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Military Capabilities

LAF highlights problems with Super Tucano base

09 November 2017

A lack of infrastructure at Hamat Air Base will limit the capabilities of the Lebanese Armed Forces’ (LAF’s) new A-29 Super Tucano strike aircraft, according to a presentation posted on the LAF website.

One of the two Super Tucanos that has arrived in Lebanon is seen at Hamat Air Base on 31 October, when they were officially handed over by the United States. (Joseph Eid/AFP/Getty Images)One of the two Super Tucanos that has arrived in Lebanon is seen at Hamat Air Base on 31 October, when they were officially handed over by the United States. (Joseph Eid/AFP/Getty Images)

The presentation said there is an urgent need to build a parallel taxiway at the airbase so that missions do not have to be performed with additional reserve fuel in case the runway cannot be used for landing. The extra fuel reduces the time the aircraft can spend over targets.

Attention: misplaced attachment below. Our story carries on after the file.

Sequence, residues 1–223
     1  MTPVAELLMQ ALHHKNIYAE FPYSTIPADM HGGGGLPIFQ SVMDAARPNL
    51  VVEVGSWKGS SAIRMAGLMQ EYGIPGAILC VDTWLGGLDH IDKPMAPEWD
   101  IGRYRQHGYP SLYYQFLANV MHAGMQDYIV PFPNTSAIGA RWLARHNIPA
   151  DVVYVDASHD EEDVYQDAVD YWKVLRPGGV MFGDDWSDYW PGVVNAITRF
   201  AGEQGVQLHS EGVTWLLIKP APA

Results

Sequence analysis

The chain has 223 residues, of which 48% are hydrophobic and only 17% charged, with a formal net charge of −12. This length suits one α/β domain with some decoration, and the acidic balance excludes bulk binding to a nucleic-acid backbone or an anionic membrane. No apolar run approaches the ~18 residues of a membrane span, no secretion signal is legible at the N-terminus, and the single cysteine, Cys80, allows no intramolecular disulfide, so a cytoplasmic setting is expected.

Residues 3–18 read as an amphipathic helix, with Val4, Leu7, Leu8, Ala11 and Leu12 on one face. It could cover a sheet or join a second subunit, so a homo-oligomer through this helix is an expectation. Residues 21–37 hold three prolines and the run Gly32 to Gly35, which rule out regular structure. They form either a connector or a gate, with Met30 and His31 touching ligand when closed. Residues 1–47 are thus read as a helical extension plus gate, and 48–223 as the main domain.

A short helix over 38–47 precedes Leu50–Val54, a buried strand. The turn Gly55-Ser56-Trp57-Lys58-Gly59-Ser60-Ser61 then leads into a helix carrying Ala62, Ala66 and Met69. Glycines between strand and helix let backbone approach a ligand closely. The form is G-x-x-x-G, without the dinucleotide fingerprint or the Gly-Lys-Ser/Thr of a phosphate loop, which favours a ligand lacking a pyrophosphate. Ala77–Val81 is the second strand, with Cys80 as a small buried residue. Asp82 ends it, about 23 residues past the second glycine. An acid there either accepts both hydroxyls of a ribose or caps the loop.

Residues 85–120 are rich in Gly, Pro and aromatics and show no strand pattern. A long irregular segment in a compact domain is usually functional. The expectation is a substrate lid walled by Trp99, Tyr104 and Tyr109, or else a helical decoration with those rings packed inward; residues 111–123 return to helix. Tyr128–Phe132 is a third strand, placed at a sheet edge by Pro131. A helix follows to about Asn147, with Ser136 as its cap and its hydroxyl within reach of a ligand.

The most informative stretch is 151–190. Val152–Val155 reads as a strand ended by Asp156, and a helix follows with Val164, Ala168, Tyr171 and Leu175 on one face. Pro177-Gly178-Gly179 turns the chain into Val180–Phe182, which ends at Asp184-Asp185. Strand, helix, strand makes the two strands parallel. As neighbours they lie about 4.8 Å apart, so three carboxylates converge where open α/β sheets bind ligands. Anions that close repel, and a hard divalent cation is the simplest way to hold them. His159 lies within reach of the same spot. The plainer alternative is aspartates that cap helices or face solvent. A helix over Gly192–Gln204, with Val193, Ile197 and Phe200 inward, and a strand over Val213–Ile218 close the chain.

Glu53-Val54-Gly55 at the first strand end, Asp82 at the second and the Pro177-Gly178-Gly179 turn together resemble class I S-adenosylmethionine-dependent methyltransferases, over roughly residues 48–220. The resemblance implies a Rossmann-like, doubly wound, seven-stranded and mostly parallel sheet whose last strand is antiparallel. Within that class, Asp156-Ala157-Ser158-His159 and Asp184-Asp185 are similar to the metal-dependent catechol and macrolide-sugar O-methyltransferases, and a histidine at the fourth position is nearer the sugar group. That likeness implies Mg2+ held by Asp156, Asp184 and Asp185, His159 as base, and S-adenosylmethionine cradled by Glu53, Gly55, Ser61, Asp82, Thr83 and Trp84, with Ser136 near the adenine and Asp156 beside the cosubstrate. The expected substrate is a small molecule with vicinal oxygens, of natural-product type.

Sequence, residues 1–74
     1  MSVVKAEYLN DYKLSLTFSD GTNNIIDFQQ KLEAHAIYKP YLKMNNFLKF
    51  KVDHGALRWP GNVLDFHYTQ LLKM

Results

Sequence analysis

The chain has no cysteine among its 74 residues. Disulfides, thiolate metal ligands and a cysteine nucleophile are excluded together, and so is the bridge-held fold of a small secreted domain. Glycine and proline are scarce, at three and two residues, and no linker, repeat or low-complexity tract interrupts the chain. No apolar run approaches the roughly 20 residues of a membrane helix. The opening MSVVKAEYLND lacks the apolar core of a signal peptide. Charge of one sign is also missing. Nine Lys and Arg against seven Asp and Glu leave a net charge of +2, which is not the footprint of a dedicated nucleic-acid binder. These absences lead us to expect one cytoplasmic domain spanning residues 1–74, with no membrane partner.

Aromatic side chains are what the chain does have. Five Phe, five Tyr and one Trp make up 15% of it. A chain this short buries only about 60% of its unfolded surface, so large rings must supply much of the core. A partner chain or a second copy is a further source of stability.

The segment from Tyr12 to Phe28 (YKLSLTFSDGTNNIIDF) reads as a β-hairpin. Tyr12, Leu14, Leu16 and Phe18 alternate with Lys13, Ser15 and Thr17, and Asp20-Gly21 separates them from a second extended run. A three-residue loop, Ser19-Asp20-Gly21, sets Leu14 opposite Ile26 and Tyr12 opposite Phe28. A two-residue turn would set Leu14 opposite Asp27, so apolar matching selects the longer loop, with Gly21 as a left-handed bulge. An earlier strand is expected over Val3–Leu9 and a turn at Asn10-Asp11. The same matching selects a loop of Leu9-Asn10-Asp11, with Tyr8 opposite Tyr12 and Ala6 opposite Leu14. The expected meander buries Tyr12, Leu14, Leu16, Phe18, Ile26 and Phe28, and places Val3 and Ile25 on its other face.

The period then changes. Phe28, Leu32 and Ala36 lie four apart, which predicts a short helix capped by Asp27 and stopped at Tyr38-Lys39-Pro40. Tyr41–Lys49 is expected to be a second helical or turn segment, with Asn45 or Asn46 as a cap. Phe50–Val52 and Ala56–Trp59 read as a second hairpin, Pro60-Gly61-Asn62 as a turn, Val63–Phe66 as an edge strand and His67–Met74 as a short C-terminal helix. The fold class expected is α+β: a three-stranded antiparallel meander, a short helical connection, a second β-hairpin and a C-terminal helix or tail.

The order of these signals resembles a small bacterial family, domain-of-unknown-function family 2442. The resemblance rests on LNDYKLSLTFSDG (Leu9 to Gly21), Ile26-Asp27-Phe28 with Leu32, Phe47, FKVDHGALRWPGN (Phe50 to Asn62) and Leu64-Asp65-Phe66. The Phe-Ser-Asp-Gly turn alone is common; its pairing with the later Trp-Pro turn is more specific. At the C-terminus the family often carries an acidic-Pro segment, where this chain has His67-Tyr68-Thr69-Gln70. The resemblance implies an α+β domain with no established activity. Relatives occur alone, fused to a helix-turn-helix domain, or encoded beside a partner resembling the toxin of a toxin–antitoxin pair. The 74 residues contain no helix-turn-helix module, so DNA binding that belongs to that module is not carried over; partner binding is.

Hamat has no navigation aids or lighting, the document said, raising questions as to whether the Super Tucanos could fly sorties at night or in low visibility.

There is also a road running across the runway that connects two local villages and represents a “huge safety compromise”.

The document revealed that the LAF hopes to procure another six Super Tucanos in addition to the six that are currently in delivery.

In terms of weapons, the document indicated that the Lebanese Super Tucanos are not set up to use AGM-114 Hellfire missiles and will not have the Advanced Precision Kill Weapon System (APKWS), which turns standard air-to-surface rockets into guided weapons, until the first delivery in May 2018.

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